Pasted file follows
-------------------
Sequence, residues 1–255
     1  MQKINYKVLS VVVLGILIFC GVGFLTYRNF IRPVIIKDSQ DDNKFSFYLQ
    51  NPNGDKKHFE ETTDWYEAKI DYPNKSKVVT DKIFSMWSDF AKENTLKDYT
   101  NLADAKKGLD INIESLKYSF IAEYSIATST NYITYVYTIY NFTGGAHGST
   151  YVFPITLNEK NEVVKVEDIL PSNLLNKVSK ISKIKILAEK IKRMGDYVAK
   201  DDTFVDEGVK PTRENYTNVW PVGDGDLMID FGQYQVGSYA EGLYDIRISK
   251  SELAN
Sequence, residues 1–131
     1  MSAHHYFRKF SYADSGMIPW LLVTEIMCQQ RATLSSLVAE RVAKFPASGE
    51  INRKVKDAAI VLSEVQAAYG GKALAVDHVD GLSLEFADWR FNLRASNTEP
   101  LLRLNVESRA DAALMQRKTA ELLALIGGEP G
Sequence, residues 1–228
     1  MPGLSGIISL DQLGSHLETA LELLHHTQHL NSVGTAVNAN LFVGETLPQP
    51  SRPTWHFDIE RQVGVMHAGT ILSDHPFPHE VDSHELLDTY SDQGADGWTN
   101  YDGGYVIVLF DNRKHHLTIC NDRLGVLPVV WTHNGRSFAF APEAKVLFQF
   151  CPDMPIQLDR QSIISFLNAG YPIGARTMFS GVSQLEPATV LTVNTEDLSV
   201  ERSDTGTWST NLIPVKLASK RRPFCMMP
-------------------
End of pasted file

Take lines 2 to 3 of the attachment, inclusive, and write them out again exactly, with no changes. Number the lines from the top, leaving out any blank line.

     1  MQKINYKVLS VVVLGILIFC GVGFLTYRNF IRPVIIKDSQ DDNKFSFYLQ
    51  NPNGDKKHFE ETTDWYEAKI DYPNKSKVVT DKIFSMWSDF AKENTLKDYT